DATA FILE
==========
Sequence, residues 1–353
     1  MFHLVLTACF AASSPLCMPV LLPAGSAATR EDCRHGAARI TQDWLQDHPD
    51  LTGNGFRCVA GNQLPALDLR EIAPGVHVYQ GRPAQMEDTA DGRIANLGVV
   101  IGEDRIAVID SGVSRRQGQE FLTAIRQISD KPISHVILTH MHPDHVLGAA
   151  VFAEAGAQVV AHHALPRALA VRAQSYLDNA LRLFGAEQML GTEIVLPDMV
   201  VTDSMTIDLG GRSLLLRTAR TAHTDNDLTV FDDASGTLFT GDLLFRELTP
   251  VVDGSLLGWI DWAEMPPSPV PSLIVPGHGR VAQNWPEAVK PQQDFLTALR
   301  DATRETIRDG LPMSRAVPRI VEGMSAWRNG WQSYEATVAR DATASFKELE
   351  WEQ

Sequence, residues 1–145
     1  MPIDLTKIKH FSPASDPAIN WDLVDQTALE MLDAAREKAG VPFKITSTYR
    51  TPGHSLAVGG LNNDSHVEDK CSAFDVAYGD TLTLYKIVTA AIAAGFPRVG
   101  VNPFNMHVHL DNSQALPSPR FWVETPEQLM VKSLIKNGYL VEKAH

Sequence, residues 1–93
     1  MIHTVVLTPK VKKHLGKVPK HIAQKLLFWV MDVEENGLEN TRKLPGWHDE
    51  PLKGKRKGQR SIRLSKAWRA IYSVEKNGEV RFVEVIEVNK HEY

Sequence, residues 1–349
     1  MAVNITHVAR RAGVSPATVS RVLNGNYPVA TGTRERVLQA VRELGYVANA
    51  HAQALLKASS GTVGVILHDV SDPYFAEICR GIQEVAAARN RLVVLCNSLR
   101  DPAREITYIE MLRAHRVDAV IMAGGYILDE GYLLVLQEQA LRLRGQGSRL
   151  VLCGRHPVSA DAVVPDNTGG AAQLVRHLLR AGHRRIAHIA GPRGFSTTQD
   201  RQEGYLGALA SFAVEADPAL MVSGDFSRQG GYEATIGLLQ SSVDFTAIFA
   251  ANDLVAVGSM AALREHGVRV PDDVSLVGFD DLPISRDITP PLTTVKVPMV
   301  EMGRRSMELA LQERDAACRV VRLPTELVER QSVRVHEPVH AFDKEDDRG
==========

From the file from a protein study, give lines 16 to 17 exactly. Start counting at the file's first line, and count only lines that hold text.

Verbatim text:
    51  PLKGKRKGQR SIRLSKAWRA IYSVEKNGEV RFVEVIEVNK HEY

Sequence, residues 1–349